Amanda Olsen

Front End Developer User Experience Enthusiast


Thoughts on the industry

Notes from DevNexus 2019

Enjoy/use/peruse at your own risk.

Some of these notes were taken rather quickly and may be wrong or contain typos. Human stuff like that. Overall, should be helpful content.

JavaScript Cage Match between Map, Filter, Reduce, and Find

  1. Scott McAllister:
  2. Review of methods
    1. Map
      1. Runs a function against each element of an array and places each result into a single new array
    2. Filter
      1. Same as map, but removes array items which do not match criteria
    3. Reduce
      1. Just like map, except that it accumulates the values (however you specify) creating a single new value
    4. Find
      1. Like filter, but only returns one value, when the test critera is first met
  3. Performance
    1. Tool he recommends:
    2. This was run against an array of 1 million values, comparing the method to a for loop
      1. map – much slower than for loop
        1. Much slower in Chrome than Firefox
      2. filter – also slower
      3. reduce – much faster
        1. super fast – the best one
      4. find – about the same
    3. Most methods don’t run against arrays this large (in the browser), so the significance of these findings is unclear.
      1. Maybe this applies more in node.js where it might be more likely to use massive arrays? Even then, though, a million? Seems like a massive edge case.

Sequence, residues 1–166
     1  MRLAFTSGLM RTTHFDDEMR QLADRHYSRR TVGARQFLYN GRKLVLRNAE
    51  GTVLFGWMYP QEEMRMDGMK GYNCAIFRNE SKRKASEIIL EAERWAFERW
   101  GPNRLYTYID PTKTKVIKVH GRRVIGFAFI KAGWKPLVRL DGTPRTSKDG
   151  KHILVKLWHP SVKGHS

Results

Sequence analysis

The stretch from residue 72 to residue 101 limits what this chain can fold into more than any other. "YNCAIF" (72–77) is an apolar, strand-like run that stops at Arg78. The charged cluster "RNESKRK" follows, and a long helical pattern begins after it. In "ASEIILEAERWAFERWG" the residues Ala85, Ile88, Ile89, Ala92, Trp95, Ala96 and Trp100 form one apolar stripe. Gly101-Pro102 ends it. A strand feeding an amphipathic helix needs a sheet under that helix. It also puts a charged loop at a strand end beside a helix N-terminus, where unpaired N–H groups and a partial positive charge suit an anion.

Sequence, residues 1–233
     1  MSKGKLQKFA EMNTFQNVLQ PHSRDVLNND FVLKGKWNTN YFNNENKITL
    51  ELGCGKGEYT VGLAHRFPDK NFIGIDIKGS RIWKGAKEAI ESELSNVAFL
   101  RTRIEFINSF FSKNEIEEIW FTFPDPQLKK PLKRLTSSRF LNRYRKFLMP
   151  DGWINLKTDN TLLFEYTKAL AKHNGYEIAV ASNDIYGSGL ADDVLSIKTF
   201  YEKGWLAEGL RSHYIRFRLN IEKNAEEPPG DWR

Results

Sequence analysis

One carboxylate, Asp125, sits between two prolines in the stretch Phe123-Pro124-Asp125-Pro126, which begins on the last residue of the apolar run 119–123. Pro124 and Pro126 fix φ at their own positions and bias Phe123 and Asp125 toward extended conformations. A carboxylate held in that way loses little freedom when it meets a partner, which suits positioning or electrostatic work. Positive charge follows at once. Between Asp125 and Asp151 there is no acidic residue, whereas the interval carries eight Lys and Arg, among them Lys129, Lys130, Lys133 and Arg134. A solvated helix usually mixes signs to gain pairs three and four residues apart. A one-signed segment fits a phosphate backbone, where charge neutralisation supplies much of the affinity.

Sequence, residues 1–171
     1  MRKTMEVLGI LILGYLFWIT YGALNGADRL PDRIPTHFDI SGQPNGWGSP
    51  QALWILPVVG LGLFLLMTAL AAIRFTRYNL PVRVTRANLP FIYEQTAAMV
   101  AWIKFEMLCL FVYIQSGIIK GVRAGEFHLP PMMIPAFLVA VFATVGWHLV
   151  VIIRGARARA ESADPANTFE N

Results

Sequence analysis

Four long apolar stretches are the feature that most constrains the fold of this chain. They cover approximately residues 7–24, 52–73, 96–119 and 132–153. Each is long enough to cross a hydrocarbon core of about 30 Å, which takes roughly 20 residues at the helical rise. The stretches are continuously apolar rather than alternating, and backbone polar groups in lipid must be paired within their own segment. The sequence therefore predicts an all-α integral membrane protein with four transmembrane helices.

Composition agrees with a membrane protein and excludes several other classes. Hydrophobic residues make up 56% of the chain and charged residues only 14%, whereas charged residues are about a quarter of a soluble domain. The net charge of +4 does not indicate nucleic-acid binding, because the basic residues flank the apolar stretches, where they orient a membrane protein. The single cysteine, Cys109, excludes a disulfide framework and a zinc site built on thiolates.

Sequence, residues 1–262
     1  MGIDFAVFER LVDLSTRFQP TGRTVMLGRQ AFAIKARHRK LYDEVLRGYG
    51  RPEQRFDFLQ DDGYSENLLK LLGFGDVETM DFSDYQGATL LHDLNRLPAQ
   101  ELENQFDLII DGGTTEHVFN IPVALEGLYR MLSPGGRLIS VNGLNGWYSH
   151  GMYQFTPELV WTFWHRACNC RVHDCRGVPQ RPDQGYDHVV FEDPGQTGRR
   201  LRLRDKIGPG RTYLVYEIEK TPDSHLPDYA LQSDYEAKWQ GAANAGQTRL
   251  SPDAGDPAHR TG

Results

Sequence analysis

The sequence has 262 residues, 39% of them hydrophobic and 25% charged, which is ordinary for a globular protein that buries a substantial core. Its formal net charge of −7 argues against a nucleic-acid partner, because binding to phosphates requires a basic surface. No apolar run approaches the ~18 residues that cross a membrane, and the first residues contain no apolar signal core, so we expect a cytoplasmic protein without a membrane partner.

Getting Started with Service Workers

  1. Jennifer Bland:
  2. Service worker: script your browser runs in the background separate from the page itself
    1. (Kind of like a browser extension!)
  3. Does offline and background functions, such as:
    1. Display an offline page
    2. Stores pages offline
    3. Store content in the cache
    4. Push notifications
    5. Background sync
  4. Browser support
    1. All good except for IE11 and below
    2. Probably just need some graceful degradation for IE11 and below
  5. Requirements, etc
    1. Https ONLY (and localhost)
    2. Controlled scope (can apply to some pages but not others)
    3. Can only run one service worker active at a time
      1. Per domain, right? The user can run 2 web sites at once which both have them, I assume?
  6. It “installs” then “activates”. After that it listens for “fetch” and “message”.
    1. That’s all! There are no other events.
  7. View her deck here:

Don’t Be Afraid of the JavaScript Stack Trace

  1. Jennifer Bland:
    1. – Jennifer’s training videos
  2. Terminology
    1. Javascript
      1. Single threaded programming language – it can only do one piece of code at a time
    2. Call stack
      1. First, it creates a call stack – a series of functions it will call in a particular order
      2. Last in first out method
    3. Heap
      1. Mostly unstructured region of memory
      2. Memory allocation to variables and objects happen here
    4. Queue
      1. List of messages to be processed and the associated callback function to execute
      2. Messages executed by call stack
      3. Message processing ends with stack is empty
    5. Concurrency model
  3. Stack trace (this is what you see in the console when an error happens)